January 19, 2015

God’s Care for Sinners like me

This year’s devotional book has readings from the Old Testament and the New. So far, there have been obvious connections between the three, but I don’t look for them. I read each passage and note the verses that seem significant, often without knowing why. When I’ve finished reading, God has been making connections for me as the Holy Spirit shows me what He has in mind.

Today they are not so obvious. In Genesis, Jacob’s father-in-law, Laban, has treated him unfairly, but Jacob trusts God, and God helped during the years he worked for his wives and his wealth. God then tells him to go home, taking his wives and children, and the cattle he earned as wages.

“Laban had gone to shear his sheep, and Rachel stole her father’s household gods. And Jacob tricked Laban the Aramean, by not telling him that he intended to flee.” (Genesis 31:19–20)

Jacob fears God, but apparently Rachel does not share his piety. Her father’s household gods are powerless and useless, but she either believes otherwise, or is angry at her father and steals them out of spite. Either way, she sins by doing this, and sins again by concealing them with another lie when he searches her tent looking for them.

Sometimes I expect the “heroes” of the Bible to be pillars that I can look up to and imitate, but that is not a good idea. Jacob and Rachel were sinners, as were Moses, Abraham, David, and any other person in the Scriptures. The Bible says, “Surely there is not a righteous man on earth who does good and never sins.” (Ecclesiastes 7:20)

Of course there is one, only one who never sinned. The Bible says of Jesus . . .

“He committed no sin, neither was deceit found in his mouth.” (1 Peter 2:22)

“You know that he appeared in order to take away sins, and in him there is no sin.” (1 John 3:5)

“Since then we have a great high priest who has passed through the heavens, Jesus, the Son of God, let us hold fast our confession. For we do not have a high priest who is unable to sympathize with our weaknesses, but one who in every respect has been tempted as we are, yet without sin.” (Hebrews 4:14–15)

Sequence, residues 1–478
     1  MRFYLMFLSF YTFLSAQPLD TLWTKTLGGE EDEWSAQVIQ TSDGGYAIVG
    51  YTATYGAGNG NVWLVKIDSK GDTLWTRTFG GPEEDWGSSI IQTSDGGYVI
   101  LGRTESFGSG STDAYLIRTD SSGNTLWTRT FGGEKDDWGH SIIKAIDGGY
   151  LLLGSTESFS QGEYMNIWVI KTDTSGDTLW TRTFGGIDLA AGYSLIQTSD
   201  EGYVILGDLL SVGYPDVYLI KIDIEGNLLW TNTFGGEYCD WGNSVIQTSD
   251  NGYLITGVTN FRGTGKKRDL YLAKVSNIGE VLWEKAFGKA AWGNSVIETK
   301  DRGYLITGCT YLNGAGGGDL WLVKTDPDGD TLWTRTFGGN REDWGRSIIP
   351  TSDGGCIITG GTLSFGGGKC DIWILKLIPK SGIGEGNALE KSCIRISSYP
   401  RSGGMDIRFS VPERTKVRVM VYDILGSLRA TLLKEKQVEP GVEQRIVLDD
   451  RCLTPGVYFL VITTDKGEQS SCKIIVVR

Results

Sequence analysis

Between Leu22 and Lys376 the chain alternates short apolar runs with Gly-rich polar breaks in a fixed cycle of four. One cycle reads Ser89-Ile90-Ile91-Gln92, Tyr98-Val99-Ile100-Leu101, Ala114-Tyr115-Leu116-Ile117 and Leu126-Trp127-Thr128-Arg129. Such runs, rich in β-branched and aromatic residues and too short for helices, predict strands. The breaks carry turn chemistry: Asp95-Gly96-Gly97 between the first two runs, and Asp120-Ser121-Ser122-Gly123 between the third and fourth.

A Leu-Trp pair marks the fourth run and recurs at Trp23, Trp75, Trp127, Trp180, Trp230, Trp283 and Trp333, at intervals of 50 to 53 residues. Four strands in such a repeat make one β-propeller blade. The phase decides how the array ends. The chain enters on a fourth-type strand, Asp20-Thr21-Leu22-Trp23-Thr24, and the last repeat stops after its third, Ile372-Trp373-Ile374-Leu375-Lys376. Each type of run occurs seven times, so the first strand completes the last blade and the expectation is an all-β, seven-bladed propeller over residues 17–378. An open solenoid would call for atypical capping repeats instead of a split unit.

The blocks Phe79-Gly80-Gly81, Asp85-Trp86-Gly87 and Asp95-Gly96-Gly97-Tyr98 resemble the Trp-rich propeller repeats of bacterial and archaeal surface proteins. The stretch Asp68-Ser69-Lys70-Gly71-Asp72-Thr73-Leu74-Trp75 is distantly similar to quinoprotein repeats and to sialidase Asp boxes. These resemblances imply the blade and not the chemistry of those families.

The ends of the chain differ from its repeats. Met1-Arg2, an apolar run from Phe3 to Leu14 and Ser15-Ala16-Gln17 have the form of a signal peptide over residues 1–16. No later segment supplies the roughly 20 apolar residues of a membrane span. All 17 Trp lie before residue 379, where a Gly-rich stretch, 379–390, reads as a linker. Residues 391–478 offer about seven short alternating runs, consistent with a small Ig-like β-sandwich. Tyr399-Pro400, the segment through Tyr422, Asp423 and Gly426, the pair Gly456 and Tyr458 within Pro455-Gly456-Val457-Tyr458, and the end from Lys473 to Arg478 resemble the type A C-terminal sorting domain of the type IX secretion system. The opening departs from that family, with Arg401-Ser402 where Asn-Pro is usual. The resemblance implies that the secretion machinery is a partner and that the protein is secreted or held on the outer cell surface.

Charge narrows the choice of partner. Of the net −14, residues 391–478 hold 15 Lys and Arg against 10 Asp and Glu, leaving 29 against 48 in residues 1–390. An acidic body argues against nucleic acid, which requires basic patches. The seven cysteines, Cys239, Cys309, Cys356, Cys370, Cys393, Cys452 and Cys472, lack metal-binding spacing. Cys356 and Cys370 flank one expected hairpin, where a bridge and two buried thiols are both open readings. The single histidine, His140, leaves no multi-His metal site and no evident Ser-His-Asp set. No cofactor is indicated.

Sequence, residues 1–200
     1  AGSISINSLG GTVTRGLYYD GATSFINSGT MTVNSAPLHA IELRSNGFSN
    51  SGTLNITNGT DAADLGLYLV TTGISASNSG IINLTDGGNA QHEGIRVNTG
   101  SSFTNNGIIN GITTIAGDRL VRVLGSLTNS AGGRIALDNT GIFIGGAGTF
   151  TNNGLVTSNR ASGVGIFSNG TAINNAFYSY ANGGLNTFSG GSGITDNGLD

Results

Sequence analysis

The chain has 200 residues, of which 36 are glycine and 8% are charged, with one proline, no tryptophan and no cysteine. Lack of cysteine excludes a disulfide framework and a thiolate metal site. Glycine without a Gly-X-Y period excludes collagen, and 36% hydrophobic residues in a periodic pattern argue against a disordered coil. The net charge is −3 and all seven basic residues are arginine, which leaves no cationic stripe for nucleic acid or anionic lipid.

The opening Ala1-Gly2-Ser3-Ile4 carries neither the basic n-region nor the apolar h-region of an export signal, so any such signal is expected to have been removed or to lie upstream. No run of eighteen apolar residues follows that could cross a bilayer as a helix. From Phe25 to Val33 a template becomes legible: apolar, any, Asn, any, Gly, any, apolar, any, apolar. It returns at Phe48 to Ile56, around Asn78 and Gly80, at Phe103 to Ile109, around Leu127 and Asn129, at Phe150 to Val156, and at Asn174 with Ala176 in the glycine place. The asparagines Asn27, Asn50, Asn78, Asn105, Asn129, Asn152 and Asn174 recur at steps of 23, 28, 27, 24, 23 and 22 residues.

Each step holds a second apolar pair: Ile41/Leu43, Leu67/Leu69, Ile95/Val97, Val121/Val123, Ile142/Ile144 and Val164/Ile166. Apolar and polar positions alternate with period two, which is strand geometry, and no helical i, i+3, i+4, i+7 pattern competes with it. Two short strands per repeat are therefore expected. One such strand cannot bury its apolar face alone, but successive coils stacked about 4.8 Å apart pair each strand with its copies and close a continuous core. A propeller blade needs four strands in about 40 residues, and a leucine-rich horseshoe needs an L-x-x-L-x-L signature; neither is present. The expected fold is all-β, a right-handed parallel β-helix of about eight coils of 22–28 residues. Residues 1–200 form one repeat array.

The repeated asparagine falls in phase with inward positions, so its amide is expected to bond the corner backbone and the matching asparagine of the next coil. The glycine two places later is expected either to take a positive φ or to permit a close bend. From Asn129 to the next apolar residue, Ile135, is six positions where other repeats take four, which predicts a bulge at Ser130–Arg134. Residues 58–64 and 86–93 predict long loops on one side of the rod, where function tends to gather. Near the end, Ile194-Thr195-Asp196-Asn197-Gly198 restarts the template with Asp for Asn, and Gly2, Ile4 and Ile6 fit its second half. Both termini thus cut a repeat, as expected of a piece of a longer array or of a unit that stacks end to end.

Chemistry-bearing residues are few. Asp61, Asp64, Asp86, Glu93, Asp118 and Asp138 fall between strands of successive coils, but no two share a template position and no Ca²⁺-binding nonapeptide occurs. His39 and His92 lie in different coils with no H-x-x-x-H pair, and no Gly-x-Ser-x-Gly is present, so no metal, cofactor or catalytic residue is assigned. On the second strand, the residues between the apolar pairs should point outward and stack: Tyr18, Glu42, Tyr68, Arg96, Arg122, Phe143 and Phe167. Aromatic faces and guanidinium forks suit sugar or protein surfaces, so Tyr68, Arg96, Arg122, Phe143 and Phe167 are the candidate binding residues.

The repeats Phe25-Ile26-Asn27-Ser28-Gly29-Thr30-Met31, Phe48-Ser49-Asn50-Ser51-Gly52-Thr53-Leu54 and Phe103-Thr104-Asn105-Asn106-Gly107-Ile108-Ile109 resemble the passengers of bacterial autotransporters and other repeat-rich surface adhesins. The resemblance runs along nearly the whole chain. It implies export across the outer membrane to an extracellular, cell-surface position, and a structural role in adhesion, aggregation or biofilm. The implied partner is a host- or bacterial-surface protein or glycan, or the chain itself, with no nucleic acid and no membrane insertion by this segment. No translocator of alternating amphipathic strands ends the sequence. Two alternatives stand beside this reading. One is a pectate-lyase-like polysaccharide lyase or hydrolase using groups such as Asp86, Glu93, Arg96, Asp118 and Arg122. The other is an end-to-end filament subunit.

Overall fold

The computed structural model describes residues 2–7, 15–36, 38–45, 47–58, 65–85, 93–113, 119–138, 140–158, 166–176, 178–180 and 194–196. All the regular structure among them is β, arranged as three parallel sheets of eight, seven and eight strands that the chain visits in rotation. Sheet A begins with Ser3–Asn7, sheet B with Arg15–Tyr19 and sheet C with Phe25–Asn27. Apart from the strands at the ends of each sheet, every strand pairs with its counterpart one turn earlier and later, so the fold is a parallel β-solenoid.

While I can learn from those who grace the pages of Scripture, much of what is there are lessons on how NOT to behave, how not to live as a child of God. Jacob was not perfect, nor was his wife. I can learn from Laban as his life demonstrates that treating others unfairly and only considering myself will eventually lead to loss and sorrow.

I can also see from Jacob that listening to God is a good idea, and that He might tell me to flee a place of misfortune or danger for my own good. I’ve moved many times and not always seen it that way, but the Lord has a view that I cannot see. He knows what is coming and if He asks me to do what is difficult, He has good reason.

The last reading today is about just that; listening to the sinless One, Jesus. I’m to do what He says and does. This time, He is talking about the last days when life will become very dangerous and His people will be asked to flee . . .

“So when you see the abomination of desolation spoken of by the prophet Daniel, standing in the holy place (let the reader understand), then let those who are in Judea flee to the mountains. Let the one who is on the housetop not go down to take what is in his house, and let the one who is in the field not turn back to take his cloak. And alas for women who are pregnant and for those who are nursing infants in those days! Pray that your flight may not be in winter or on a Sabbath.” (Matthew 24:15–20)

Long ago, the Lord said to Jacob, “Return to the land of your fathers and to your kindred, and I will be with you.” (Genesis 31:3) This imperfect man listened and was blessed. I’m humbled to know that God cares about His family of sinners, me included. He guides me through life, even to urges me to move when it is time to move (like He did the summer of 2012), and gives a precious promise to be with me as I go.

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